On Tuesday, emergency officials, fire chiefs, law enforcement, town and county leaders gathered for a briefing ahead of Hurricane Florence, which is expected to impact much of the state this week.
“Unfortunately we’re here under bad circumstances,” said Yadkin County Emergency Services Director Keith Vestal. “We’ve got a monster out in the Atlantic and it’s got its eye on Yadkin County. All these models are directing it towards us. We’ve got to gear up and plan on this being worst case scenario for Yadkin County.”
The exact path of the storm continues to change, Vestal said. Models as of the time of the meeting predicted the path to turn south of Yadkin County putting the county on the right side of the storm where all the rain bands come, Vestal said. A high pressure system also is expected to cause the storm to linger over the area.
Various models predict anywhere from tropical depression to category one force winds to impact the area likely causing downed trees and power outages.
Vestal said reports are indicating 10-plus inches of rain will be dumped on the area resulting in historic flooding of the Yadkin River and other waterways in the county.
Area residents were encouraged early in the week to make preparations for the impending storm.
“Get ready now,” said Governor Roy Cooper at a press conference on Monday morning.
“Florence is a threat well beyond our coast,” he added.
By Tuesday, bottled water, milk and other necessities were in short supply in local stores, indicating that many are taking the threat of the storm seriously and are preparing.
Vestal said one of the most important things he would like to impress upon area residents is to make a plan early to evacuate for those who live in flood prone areas.
There are no official evacuation orders in place at this time in the county, but Vestal said it is of utmost importance that people be aware of where they live and if the have seen flooding near their homes in the past, they should make plans now to move vehicles and other belongings out of the path of the flood zone.
Preparations are in the works to open shelters in the county should the need arise for people to evacuate their homes due to flooding, downed trees or extended power outages.
The Yadkin County Animal shelter will provide shelter for companion animals, cats and dogs only, for those who need to make use of the shelters should they be unable to stay at home due to the storm. In preparing for the storm, Jason Roels of the Yadkin County Animal Shelter, said that pet owners should treat pets the same as they would their children and have any medications and paperwork such as proof of rabies vaccinations ready to go should they have to evacuate their home and go to a shelter.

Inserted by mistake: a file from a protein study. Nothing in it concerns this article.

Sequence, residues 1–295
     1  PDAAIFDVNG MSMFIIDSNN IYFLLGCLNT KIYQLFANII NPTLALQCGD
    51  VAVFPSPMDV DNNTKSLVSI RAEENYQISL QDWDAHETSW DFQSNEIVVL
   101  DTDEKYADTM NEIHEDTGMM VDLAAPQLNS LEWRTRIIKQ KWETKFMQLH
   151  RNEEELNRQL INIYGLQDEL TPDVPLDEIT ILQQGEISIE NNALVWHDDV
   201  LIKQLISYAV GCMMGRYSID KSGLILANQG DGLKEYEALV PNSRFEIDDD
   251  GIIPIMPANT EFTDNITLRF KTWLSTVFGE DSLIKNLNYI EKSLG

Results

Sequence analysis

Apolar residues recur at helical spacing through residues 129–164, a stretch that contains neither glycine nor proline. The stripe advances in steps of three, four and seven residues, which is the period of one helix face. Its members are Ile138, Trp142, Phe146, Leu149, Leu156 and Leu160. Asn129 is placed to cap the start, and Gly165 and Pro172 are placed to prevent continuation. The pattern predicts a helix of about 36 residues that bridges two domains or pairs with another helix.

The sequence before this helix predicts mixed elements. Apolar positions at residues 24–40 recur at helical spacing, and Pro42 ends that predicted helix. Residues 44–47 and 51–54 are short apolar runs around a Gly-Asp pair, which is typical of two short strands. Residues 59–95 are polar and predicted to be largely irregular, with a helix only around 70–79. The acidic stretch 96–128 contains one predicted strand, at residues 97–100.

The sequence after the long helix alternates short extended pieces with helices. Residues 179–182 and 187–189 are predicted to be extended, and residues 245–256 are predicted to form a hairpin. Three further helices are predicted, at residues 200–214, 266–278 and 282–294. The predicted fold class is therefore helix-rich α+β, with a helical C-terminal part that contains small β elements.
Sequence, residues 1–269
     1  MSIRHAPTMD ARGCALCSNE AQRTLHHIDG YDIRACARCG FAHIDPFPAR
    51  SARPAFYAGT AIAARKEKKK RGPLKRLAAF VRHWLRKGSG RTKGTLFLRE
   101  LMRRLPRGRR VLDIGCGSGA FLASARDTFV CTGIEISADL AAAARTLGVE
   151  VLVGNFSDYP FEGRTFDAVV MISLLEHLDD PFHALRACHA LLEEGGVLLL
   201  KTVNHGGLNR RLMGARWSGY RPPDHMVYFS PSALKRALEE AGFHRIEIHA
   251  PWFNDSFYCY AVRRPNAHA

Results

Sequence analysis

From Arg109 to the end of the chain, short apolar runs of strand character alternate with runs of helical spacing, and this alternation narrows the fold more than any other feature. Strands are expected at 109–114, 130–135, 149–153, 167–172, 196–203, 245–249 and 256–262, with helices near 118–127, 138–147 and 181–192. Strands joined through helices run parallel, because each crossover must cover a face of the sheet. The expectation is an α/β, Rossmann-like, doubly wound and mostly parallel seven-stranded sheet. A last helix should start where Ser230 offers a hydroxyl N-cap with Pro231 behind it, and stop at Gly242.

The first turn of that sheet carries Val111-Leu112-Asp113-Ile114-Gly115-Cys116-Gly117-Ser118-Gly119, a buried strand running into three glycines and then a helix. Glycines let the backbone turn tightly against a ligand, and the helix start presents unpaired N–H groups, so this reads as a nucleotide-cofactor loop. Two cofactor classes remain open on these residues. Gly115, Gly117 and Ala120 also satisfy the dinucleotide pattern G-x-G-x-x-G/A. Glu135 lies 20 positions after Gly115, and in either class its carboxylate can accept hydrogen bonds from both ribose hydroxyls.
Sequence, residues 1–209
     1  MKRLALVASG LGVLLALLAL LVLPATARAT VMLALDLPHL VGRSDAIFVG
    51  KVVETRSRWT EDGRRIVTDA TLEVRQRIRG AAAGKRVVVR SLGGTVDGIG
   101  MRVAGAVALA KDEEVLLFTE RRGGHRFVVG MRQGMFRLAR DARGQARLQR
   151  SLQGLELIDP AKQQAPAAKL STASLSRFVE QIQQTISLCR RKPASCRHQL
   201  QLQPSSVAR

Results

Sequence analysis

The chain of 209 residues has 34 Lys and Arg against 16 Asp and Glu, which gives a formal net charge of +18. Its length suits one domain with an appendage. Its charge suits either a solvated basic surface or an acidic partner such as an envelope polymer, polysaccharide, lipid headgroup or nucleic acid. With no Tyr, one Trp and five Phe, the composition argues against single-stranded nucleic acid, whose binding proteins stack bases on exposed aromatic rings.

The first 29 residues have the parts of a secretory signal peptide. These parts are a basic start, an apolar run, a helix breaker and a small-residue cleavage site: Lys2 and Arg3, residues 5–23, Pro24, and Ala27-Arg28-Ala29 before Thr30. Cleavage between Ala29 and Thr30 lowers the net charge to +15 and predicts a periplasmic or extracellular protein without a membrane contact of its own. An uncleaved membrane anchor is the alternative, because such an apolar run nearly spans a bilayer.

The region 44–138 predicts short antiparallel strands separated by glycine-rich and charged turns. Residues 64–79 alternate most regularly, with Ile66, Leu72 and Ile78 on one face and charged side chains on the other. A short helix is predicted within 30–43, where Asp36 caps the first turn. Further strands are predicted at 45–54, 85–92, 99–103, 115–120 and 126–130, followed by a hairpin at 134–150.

Vestal said county residents should prepare to be self-sufficient for at least 72 hours. Batteries, drinking water and stored water to use for flushing toilets as well as nonperishable food and food for pets are a few things on which he suggested folks stock up.
Outdoor furniture should be secured in a location where it won’t blow away or possibly blow into windows and break them. Vestal added pets should be secured as well so that thunder and lightening wouldn’t frighten them and cause them to run away.
“Another reminder is don’t use charcoal grills, camps stoves or any of those types of things to prepare meals indoors,” Vestal said. “You need to go somewhere it’s well ventilated to use those types of cooking devices, because they’re not meant to be inside, and please don’t use generators inside because we don’t want anybody to have carbon monoxide poisoning.”
Yadkin County could begin to see the effects of Hurricane Florence by Thursday with breezy conditions and some rainfall, but the brunt of the storm is expected to impact area residents on Friday and throughout the weekend, Vestal said.
Though not as vulnerable as coastal areas, Hurricane Florence is expected to cause significant issues throughout the state. Problems in the county may include flash flooding of creeks and streams that could impact roads, homes and businesses; river flooding, wind damage to homes, trees and power lines; increased risk for tornadoes and extended power outages.
As of Wednesday morning, a State of Emergency had been declared for Yadkin County ahead of the storm. By declaring a State of Emergency, the county will have access to state and federal assistance during and following the storm.
Kitsey Burns Harrison may be reached at 336-518-3049 or on Twitter and Instagram @RippleReporterK.